Kids, Sex, and Education
by David Alan Hjelle
Outline of Contents
Introduction - Abstinence (saving sex until marriage) should be taught in American schools.
The numbers are staggering. Pregnancies in teenage girls are happening at a rate of one million per year. Sexually transmitted diseases infect three million young adults annually, out of America's total of 12 million sexually active youths. By their fifteenth birthday, 25 percent of America's young women have had sex (Stryker). Once they reach 18, that number jumps to nearly 50 percent and skyrockets to 75 percent for teenage men. AIDS, for which there is still no cure, is spreading faster among teenagers than among any other group (Griffin). Among Americans who have been married, 93 percent of men and 80 percent of women (between 18 and 54) have lost their virginity before their honeymoon (Stryker).
The sexual attitudes of America are changing. In the seventies, fewer than one in twenty girls had engaged in sexual intercourse by the age of 15. In the nineties, that number has leapt to one in three (Griffin). Something needs to be done. The story of children raising children has become far too common in American society.
What is the answer? There have been many controversies in recent years. Should abstinence (abstaining or refraining from sexual intercourse until marriage) be taught in America's educational systems? It is clear from the evidence and logic that abstinence must be taught in our schools.
The most obvious reason for encouraging abstinence in our schools lies with the physical dangers associated with premarital sex. And, these dangers are quite painfully obvious to many of today's youth. At a major American university, 60 percent of the sexually active females on campus had contracted human papillomavirus (HPV). HPV is responsible for 90 percent of cancer in the cervix, and kills roughly five thousand American women per year (McIlhaney). And, as Dr. Joe McIlhaney has said, "condoms provide essentially no protection against HPV transmission." Within the past fifteen years, there has been an increase of 500 percent in the number of white teenagers with genital herpes. Since the explosion of HIV across America, 400,000 have died of AIDS and related diseases (McIlhaney). Again quoting McIlhaney, this is "as many as died in World War Two".
In 1997, the Institute of Medicine wrote that "eight new sexually transmitted pathogens (germs) have been identified since 1980, bringing with them new challenges to prevention and treatment. More STDs [sexually transmitted diseases] will emerge and become established in the U.S." (quoted in McIlhaney). This is happening. There are more than twenty significant STDs today. Each year, new victims total approximately twelve million. Viral STDs have infected one in five Americans between the ages of 15 and 55 (The Facts).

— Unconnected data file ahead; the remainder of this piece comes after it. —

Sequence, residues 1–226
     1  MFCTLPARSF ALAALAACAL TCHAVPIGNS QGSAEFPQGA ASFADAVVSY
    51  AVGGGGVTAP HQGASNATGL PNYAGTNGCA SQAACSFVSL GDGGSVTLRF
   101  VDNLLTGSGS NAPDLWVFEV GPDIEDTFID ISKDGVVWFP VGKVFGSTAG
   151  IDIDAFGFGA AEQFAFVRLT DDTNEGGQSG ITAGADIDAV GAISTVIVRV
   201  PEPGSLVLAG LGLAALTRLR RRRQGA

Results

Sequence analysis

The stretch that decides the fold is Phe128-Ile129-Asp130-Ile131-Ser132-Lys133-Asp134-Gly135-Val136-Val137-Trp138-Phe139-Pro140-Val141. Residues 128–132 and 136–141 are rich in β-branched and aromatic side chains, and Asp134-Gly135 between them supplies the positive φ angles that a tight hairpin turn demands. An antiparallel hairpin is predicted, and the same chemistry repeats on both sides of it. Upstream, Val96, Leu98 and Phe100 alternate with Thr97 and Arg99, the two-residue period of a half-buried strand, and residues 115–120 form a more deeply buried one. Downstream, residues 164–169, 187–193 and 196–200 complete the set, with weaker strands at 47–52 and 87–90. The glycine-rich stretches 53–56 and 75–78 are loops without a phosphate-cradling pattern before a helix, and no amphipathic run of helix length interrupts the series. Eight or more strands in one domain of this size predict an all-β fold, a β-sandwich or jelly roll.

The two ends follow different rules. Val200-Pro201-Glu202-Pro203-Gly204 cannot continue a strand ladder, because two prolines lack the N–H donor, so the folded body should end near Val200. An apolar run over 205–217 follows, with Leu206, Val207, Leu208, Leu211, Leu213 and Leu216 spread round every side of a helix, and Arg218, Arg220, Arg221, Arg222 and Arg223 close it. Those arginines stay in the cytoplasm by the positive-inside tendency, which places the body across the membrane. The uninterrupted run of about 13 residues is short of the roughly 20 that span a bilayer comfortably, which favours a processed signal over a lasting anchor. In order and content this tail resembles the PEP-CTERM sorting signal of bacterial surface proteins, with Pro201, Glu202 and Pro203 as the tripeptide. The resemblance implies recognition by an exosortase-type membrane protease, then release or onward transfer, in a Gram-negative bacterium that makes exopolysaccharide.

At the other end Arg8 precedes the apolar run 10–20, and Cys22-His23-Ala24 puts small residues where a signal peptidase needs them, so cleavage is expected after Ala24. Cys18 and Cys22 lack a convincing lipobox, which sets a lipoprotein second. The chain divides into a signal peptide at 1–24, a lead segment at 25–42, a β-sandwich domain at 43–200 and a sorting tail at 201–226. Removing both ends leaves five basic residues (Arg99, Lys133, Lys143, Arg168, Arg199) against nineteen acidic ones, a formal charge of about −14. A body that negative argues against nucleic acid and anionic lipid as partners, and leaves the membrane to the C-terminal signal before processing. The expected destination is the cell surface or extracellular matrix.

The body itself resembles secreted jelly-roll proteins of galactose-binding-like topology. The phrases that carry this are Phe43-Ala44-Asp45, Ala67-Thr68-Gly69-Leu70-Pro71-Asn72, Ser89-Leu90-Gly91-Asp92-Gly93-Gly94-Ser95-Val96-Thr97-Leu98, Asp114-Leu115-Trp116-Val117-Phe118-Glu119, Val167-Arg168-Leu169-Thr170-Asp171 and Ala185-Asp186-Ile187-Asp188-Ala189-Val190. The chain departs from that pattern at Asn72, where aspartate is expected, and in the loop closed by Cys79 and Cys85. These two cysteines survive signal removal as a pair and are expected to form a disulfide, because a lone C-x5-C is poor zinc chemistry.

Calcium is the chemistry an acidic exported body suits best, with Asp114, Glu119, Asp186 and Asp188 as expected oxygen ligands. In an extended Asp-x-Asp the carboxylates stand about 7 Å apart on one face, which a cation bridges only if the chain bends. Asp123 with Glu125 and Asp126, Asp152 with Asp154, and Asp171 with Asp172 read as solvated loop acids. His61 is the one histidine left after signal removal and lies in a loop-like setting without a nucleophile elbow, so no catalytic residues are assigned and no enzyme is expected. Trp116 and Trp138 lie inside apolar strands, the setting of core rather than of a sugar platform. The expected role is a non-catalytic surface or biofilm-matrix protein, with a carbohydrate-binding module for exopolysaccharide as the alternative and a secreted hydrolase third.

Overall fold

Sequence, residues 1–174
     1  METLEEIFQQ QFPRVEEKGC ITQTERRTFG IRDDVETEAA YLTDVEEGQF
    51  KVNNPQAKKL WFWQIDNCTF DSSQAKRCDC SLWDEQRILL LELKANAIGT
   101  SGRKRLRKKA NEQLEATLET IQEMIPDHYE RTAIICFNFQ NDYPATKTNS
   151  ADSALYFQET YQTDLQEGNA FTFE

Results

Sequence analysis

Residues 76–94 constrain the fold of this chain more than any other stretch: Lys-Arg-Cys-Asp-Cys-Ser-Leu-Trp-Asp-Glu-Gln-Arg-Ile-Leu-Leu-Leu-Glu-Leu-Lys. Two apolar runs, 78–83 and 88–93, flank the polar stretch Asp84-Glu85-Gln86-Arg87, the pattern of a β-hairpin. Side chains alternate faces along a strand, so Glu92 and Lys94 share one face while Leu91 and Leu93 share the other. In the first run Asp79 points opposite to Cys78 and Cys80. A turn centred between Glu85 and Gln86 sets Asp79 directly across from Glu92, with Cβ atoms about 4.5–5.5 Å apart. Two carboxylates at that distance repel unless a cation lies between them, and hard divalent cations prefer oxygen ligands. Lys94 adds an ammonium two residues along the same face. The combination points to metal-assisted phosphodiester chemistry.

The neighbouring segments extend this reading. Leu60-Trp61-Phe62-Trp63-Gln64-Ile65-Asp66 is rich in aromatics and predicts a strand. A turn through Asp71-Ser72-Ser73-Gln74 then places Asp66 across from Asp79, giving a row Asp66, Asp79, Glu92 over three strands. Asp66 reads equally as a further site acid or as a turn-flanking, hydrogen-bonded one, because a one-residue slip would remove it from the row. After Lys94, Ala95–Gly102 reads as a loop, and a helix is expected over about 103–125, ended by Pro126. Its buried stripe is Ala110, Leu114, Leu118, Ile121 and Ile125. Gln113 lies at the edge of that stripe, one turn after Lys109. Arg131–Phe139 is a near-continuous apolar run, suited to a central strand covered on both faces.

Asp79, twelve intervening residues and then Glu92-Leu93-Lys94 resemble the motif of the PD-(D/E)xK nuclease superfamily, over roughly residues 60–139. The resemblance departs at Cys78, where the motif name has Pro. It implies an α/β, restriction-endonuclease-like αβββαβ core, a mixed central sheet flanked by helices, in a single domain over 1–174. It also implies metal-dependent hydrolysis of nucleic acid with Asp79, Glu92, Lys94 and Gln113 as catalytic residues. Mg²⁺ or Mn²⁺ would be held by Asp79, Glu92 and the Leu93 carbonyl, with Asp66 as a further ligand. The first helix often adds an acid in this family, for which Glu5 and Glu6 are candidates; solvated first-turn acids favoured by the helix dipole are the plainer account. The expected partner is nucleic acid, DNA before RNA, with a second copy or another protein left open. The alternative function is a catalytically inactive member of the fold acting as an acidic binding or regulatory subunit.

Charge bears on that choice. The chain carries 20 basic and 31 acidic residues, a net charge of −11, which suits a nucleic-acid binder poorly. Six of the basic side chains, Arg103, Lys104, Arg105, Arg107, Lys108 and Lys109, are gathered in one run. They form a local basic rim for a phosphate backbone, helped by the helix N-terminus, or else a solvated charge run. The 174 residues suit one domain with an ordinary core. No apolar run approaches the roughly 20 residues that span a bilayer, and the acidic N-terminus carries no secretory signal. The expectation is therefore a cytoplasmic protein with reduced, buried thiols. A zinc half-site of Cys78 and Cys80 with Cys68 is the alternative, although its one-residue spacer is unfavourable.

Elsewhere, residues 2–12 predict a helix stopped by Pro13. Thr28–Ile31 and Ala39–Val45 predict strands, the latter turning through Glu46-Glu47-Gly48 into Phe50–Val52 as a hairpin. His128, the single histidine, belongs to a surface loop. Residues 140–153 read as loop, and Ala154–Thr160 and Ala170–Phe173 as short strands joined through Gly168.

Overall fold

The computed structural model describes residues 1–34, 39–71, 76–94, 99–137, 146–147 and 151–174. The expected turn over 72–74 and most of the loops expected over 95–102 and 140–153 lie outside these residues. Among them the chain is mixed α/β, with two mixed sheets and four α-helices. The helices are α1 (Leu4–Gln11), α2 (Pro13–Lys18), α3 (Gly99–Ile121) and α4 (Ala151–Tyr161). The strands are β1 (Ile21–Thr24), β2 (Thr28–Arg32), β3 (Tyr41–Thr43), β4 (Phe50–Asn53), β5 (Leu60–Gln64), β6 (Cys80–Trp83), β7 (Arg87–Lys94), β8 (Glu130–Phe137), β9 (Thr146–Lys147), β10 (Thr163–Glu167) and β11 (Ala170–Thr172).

In this influx of sexual disease, teenagers are at the highest risk. They are physically more vulnerable to STD infection, despite their self-image of immortality. Sixty-six percent of all new cases of STD infection are found in those 15 to 24 years of age. Twenty-five percent of the new cases occur in teens alone. Teenagers who are sexually active are also likely to have multiple partners, which increases the level of risk associated with premarital sex. Family Policy records the results of a study Douglas T. Fleming performed on the effects of multiple partners on STD transmission. His results speak a clear message. Of those who had one sexual partner, 10.2% contracted genital herpes. For those with two to four partners, the statistic increased to 20.7%. For those who had more than five partners, however, 46% of the participants became infected with genital herpes (McIlhaney).
The outlook is not good once you acquire a sexually transmitted disease. Even though most STDs are asymptomatic - even up to years from initial infection - six (syphilis, HIV/AIDS, herpes II, human papillomavirus, hepatitis B, and pelvic inflammatory disease) of the eight most common STDs can cause cancer or even death. The other two (chlamydia and gonorrhea) are blamed for sterility. Roughly 80 percent of those infected do not know it (Is Sex Safe?).
Traditional sex-ed programs hope to combat this onslaught of impending disease with safe sex - using contraception to prevent infection. Dr. Brian Gaffney, the chief executive of the Health Promotion Agency in Northern Ireland, states, "Practicing safe sex reduces the risk of sexually transmitted infections and unwanted pregnancies" (The Belfast Telegraph, emphasis added). Reduces? Condoms have an average failure rate of 13 percent or more per year. Dr. Susan Weller studied the effects of condoms on preventing HIV infection during sexual intercourse; she discovered that they are successful 69 percent of the time. That translates to a 31 percent rate of failure (The Facts)! When dealing with a very real and very fatal disease, these statistics are simply unacceptable. As is stating in The Facts, "It is unrealistic to expect people to use condoms consistently and correctly with every act of intercourse over a period of several years." Clearly, educating our children that sex can be safe if you use a condom is an outright lie. Safer, perhaps. We cannot let our children take the risk.